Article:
United States v. O'Keefe/Opinion of the Court
It is insisted that Great Britain does not accord to our citizens the right to prosecute claims against her government in her courts, because the mode of proceeding in that country for the recovery of claims against the government depends on the will of the Crown, while with us the right is absolute.
It is a familiar principle that all governments possess an immunity from suit, and it is only in a spirit of liberality, and to promote the ends of justice, that they ever allow themselves to be brought into court. If the privilege be granted at all, necessarily the regulations concerning it and the mode of proceeding will differ, as much as the governments themselves differ.
In England, it is easy to see that the method of redressing injuries to which the Crown is a party, would be different from the remedy adopted in this country in case the United States be the aggressor, because of the principle underlying the English constitution, that the King can do no wrong. On this account, although it would not do to issue mandatory process against the sovereign, yet the law being unwilling that private rights should be invaded in the conduct of public affairs and not redressed, has furnished the subject who is thus injured with a mode of obtaining redress, which is consistent with the idea of kingly prerogative. The law allows him by petition to inform the King of the nature of his grievance, and 'as the law presumes that to know of any injury and to redress it are inseparable in the royal breast, it then issues, as of course, in the King's own name, his orders to his judges to do justice to the party aggrieved.' #fn-s-s-s 
This valuable privilege, secured to the subject in the time of Edward the First, is now crystallized in the common law of England. As the prayer of the petition is grantable ex debito justitiae, ii is called a petition of right, and is a judicial proceeding, to be tried like suits between subject and subject.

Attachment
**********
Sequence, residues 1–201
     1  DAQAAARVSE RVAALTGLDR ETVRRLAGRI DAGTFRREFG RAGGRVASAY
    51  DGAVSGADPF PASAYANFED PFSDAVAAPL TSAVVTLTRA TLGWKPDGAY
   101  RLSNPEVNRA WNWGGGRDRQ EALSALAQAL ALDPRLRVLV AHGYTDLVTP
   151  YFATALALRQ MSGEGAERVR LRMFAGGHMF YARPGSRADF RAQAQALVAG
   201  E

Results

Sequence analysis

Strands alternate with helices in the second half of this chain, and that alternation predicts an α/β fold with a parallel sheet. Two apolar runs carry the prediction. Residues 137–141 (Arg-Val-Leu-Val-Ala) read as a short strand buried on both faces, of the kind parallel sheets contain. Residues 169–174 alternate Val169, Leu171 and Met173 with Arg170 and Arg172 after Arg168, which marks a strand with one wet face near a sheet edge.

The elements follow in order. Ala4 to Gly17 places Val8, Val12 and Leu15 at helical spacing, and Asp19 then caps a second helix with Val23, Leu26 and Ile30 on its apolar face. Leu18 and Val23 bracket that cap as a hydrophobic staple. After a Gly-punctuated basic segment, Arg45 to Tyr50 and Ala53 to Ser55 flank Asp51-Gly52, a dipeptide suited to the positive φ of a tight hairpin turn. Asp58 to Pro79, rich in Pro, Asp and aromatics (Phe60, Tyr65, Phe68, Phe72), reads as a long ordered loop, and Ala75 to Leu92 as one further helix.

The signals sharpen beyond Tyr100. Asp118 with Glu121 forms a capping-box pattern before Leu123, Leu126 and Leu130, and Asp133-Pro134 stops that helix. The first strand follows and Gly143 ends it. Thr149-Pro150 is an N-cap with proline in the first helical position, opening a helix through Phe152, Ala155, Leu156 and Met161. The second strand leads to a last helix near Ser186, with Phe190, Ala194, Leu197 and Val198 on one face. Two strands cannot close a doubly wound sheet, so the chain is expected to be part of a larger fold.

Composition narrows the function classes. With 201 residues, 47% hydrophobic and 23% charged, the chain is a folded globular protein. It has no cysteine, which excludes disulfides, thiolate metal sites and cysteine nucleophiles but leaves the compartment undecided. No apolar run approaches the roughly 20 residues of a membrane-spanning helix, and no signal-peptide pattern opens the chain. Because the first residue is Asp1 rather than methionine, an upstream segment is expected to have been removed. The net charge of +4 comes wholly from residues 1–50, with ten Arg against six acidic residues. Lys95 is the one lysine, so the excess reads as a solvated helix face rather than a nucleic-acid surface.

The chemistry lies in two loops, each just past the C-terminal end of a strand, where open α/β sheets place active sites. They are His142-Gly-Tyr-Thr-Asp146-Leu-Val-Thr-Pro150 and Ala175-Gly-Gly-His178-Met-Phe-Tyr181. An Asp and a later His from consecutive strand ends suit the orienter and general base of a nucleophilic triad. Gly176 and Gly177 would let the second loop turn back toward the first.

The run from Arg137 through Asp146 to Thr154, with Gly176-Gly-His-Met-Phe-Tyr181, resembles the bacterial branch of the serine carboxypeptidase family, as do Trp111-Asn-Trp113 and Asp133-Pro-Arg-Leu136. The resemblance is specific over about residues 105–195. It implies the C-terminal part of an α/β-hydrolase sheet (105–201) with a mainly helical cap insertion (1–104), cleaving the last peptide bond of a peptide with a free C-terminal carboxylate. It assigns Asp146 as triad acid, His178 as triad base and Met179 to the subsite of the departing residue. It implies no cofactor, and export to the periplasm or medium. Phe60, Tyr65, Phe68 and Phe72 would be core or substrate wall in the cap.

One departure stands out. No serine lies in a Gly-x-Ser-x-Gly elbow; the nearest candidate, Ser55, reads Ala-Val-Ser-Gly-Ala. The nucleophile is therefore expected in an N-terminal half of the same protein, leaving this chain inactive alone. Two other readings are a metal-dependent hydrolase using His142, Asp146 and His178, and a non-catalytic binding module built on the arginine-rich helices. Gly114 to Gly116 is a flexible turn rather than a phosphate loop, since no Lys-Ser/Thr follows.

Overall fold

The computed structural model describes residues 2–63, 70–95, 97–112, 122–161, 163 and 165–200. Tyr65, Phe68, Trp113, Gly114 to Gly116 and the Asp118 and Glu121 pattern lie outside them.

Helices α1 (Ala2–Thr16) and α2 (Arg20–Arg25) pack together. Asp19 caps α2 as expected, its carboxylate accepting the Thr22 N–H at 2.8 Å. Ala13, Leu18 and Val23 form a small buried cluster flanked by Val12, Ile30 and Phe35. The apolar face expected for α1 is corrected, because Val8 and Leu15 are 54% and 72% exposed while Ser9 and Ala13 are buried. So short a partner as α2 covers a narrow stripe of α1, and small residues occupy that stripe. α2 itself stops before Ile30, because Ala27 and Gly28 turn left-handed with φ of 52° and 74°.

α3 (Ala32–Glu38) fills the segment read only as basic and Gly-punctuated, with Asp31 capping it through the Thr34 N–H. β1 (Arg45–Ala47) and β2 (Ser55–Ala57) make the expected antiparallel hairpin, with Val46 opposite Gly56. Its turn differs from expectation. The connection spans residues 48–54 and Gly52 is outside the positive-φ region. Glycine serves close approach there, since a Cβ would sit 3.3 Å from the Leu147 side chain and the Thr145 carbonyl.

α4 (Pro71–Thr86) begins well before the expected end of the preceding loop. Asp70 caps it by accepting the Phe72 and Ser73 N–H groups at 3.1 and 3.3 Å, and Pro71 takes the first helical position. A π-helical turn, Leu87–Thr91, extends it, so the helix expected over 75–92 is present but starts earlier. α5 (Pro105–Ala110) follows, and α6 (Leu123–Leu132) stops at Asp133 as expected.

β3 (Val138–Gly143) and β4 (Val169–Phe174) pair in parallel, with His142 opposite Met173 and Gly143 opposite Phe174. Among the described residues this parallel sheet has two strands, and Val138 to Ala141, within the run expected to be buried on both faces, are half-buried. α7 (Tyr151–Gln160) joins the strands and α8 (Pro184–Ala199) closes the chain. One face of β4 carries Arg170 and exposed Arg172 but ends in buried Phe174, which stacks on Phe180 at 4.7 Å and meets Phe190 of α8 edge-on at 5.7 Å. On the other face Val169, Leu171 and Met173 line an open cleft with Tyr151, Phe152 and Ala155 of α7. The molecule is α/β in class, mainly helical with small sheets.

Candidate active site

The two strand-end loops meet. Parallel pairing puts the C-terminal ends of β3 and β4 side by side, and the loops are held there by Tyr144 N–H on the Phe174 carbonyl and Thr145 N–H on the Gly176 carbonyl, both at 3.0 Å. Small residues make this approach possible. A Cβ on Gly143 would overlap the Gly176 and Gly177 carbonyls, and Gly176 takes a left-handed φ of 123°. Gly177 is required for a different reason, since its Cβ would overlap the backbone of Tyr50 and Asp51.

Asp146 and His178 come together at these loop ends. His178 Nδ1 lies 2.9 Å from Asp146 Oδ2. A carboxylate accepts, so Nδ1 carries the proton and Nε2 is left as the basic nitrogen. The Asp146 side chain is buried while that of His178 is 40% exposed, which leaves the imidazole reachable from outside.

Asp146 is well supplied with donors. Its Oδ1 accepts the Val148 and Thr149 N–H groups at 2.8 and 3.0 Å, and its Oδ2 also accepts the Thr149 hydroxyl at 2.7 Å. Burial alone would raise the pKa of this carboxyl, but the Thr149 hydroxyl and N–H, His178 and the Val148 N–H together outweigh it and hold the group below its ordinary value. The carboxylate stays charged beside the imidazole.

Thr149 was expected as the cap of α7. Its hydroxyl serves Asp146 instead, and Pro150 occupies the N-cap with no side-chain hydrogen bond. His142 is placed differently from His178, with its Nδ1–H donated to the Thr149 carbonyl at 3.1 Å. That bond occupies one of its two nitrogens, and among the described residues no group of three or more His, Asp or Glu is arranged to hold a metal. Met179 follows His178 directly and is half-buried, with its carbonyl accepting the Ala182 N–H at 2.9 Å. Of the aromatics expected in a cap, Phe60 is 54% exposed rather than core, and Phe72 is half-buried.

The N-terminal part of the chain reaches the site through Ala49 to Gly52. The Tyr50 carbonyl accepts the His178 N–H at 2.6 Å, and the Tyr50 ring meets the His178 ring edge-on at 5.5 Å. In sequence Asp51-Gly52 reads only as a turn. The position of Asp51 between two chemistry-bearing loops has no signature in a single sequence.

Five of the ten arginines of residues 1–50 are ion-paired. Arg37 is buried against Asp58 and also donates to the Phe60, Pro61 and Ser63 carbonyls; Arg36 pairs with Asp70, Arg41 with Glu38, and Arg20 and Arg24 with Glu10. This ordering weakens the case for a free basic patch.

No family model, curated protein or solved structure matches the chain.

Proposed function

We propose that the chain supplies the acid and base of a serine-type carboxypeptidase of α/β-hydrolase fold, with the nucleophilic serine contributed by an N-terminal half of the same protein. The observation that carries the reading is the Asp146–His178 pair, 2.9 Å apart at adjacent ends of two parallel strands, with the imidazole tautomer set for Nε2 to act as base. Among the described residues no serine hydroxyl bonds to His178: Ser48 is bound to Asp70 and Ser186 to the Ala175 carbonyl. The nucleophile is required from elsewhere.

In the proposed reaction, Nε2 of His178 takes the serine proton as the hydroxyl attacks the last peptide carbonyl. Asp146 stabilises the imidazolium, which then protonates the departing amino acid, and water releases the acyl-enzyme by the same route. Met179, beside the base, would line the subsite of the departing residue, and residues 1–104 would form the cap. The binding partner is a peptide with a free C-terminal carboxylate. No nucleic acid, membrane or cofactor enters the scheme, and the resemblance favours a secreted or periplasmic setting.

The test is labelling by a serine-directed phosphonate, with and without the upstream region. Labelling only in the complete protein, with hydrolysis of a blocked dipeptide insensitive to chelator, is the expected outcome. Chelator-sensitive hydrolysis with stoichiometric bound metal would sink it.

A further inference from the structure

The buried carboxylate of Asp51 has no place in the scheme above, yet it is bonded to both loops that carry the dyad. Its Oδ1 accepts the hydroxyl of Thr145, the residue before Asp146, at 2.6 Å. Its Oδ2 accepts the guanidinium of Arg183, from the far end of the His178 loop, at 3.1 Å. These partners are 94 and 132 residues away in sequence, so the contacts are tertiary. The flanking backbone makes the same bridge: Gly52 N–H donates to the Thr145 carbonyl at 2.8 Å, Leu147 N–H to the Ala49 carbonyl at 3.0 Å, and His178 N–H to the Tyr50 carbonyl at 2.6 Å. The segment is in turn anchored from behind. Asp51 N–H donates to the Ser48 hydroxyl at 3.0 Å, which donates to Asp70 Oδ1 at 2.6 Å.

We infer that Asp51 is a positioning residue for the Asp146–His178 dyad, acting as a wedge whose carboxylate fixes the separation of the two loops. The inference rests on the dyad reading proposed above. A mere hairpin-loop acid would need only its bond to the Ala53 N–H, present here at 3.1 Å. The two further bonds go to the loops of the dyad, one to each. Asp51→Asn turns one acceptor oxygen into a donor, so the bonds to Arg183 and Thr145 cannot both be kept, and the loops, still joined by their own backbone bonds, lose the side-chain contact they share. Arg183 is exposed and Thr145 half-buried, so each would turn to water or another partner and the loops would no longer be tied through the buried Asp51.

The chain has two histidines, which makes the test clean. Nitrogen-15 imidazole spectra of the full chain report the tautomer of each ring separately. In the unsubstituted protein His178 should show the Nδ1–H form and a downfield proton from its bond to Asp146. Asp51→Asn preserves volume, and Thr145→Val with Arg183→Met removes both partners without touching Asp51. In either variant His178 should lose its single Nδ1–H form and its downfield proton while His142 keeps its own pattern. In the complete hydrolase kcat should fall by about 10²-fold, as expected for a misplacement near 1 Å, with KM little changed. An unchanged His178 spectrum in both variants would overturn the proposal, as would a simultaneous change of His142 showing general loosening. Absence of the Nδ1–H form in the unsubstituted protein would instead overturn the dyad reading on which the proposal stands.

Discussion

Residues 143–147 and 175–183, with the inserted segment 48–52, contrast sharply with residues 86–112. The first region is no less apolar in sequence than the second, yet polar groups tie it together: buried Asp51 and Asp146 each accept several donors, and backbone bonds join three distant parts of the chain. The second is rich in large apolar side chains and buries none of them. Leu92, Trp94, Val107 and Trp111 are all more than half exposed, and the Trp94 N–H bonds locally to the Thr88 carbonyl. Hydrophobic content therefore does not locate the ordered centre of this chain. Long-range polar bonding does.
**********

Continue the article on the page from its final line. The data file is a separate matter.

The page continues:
It does not exist by virtue of any statute, nor does the recent legislation in England concerning it do more than to regulate the manner of its exercise and to confer on the petitioner the privilege, not before granted, of instituting his proceeding in any one of the superior courts of common law or equity in Westminster.
In this condition of the law regarding the petition of right, which is conceded to aliens as well as subjects, how can it be contended that the British government does not accord to citizens of the United States the right to prosecute claims against it in its courts? It is of no consequence that, theoretically speaking, the permission of the Crown is necessary to the filing of the petition, because it is the duty of the King to grant it, and the right of the subject to demand it. And we find that it is never refused, except in very extraordinary cases, and this proves nothing against the existence of the right. It is easy to see that cases might arise, involving political considerations, in which it would be eminently proper for the sovereign to withhold his permission, but Congress did not legislate with reference to such a state of things. It would be a severe rule of interpretation that would exclude all British subjects from the Court of Claims, because in a few sporadic cases, from motives of state policy, the petition of right was denied. And we cannot impute to the legislature an intention that would produce such a result, in the absence of an express declaration to that effect. Evidently Congress meant to confer on the British subject the right to sue in the Court of Claims under the act relating to captured and abandoned property, if, in the ordinary course of the administration of justice in England, the law secures to the American citizen the right to prosecute his claim against the government in its courts. That the petition of right accomplishes this object, cannot admit of question. If the mode of proceeding to enforce it be formal and ceremonious, it is nevertheless a practical and efficient remedy for the invasion by the sovereign power of individual rights. Indeed, it is not less practical and efficient than a suit in the Court of Claims. And in one important particular the two proceedings are alike, for both end with the recovery of the judgments. After they are obtained, it depends in England on the Parliament, and in this country on Congress, whether or not they shall be paid.
We all agree that O'Keefe had the right to bring his action in the Court of Claims, and the judgment of that court is therefore